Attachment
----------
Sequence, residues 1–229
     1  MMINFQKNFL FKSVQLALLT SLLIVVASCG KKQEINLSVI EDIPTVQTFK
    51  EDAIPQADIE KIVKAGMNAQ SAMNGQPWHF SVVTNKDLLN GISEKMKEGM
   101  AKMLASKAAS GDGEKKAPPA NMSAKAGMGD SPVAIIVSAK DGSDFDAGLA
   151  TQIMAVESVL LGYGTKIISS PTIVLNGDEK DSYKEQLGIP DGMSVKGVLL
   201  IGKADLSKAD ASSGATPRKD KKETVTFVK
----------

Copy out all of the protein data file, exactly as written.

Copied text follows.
Sequence, residues 1–229
     1  MMINFQKNFL FKSVQLALLT SLLIVVASCG KKQEINLSVI EDIPTVQTFK
    51  EDAIPQADIE KIVKAGMNAQ SAMNGQPWHF SVVTNKDLLN GISEKMKEGM
   101  AKMLASKAAS GDGEKKAPPA NMSAKAGMGD SPVAIIVSAK DGSDFDAGLA
   151  TQIMAVESVL LGYGTKIISS PTIVLNGDEK DSYKEQLGIP DGMSVKGVLL
   201  IGKADLSKAD ASSGATPRKD KKETVTFVK